Truck drivers and commuters honked their horns and waved their fists in support and people leaned out of motel terraces and office windows to check out the commotion and cheer on the marchers.

Root Cause and the Eros Effect in Miami

by Errol Schweizer

While the elite safely bargained behind ten foot high fences, the people took to the streets. The highlight of the FTAA protests was the Root Cause March for Global Justice. A coalition of community groups from South Florida organized a 34 mile march over three days, in order to call attention to the inequalities and oppression that “free trade” has created. The march concluded in downtown Miami, and led to a People’s Tribunal the following day.

Convened by three working class, people of color-led organizations, the Coalition of Immokalee Workers, Power U Center for Social Change and the Miami Workers Center/Low-Income Families Fighting Together (LIFFT), the Root Cause March and People’s Tribunal articulated the concerns and demands of people who will be most adversely affected by the FTAA. The events also coincided with the release of a Community Impact Report of how the FTAA will mangle poor communities in South Florida. It can be found at

The marchers were a relatively small crew of around 600, but extremely diverse, with people from a dozen countries and numerous social movements joining the mostly black and Latino South Florida residents. They were also enhanced by an anarchist rhythm section and puppetista brigade who helped out with distributing food and water. Along the march, churches and local business opened their doors for the protesters, despite the fear that police had tried to instill in the communities along the route.

The Root Cause March snaked its way down Highway 1, from Palm Beach County to Dade County. Once it entered Miami, many community residents, and passers-by gave very loud, vocal support to the march and the many anti-FTAA banners and posters that were displayed. Truck drivers and commuters honked their horns and waved their fists in support and people leaned out of motel terraces and office windows to check out the commotion and cheer on the marchers.

A number of pedestrians even held up signs thanking the marchers for fighting the FTAA. When asked why they were thanking the protesters, the community residents replied that they see how the FTAA will hurt working people and that we all need to stand together to fight it. These and other spontaneous displays of solidarity for the marchers contradicted the view that South Florida is a homogeneous right-wing, pro-free trade community; instead, it showed that this part of the United States is ideologically diverse and not at all ready to accept the corporate agenda.

The People’s Tribunal Against Corporate Globalization was held the next day in the Miami Free Trade Zone, just north of downtown. Several hundred people convened to hear speakers from all over the hemisphere, including representatives of social movements from Bolivia, Argentina, Venezuela, Mexico, and the southwest U.S., as well as Indigenous communities in Canada and the U.S.  They outlined the crimes against humanity that the WTO, the IMF, World Bank and NAFTA are guilty of. They also spoke positively about their efforts to challenge corporate rule, from the ongoing revolution in Bolivia to self-managed, autonomous community organizing in Argentina and Chiapas. Community members led the tribunal with spoken word and musical performances, adding a celebratory atmosphere to a very serious subject.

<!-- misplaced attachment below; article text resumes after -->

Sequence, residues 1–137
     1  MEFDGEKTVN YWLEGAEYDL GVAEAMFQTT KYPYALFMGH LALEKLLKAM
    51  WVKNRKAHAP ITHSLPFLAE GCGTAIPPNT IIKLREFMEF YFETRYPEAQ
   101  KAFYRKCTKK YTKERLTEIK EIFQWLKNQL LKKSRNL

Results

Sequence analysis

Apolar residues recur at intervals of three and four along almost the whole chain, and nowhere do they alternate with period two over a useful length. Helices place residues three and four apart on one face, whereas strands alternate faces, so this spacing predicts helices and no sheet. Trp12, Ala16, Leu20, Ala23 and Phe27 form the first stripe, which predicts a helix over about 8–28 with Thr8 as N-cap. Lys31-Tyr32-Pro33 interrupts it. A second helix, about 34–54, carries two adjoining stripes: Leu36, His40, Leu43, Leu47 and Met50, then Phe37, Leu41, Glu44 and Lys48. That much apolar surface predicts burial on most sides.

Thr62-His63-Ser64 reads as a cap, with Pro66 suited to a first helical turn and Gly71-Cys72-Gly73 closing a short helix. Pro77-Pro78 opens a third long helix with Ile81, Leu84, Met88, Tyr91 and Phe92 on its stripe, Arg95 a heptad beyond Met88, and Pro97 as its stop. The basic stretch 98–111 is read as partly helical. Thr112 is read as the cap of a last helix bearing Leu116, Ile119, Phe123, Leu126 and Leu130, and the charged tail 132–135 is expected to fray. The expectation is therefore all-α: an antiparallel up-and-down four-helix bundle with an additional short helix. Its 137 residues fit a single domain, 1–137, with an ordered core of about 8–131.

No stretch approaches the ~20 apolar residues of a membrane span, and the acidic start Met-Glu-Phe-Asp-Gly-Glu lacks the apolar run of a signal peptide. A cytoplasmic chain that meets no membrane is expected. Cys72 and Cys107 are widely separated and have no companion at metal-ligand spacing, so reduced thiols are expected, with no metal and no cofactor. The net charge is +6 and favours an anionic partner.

The Root Cause March and People’s Tribunal were very successful in articulating the concerns of the people who are hardest hit by corporate globalization. It also demonstrated the organic solidarity of affected peoples across the hemisphere. By cutting these issues in an accessible and direct manner, community activists’ ideas resonated with the public at large. As opposed to the large, planned demonstrations over the next two days in downtown Miami, the Root Cause rally was not a spectacle: its message was not manipulated by police or press spin doctors. Thousands of people over 34 miles interacted with the marchers, cheered them on, and heard their demands for justice.

The Root Cause march carried with it the energy of the eros effect. As theorized by sociologist George Katsiaficas, the eros effect describes spontaneous uprisings where millions of ordinary people take history into their hands and overturn the dominant values of society, like racism, exploitation and oppression, in favor solidarity and the intuitive need for freedom. The eros effect has been seen all over the world in the past few decades, from the uprising in Kwangju, South Korea in 1980, to the Hungarian uprising of 1956, the French general strike of 1968 , the temporary overthrow of the Ecuadorian government in 1998, the ongoing revolution in Bolivia and the recent waves of anti-corporate and anti-war protests. The Root Cause action created a public space for these possibilities by taking the message of resistance to the people. Through a successful attempt at self-organization and autonomous action, Root Cause paved the way for people of color and working class people to determine how we will move forward in the 21st century.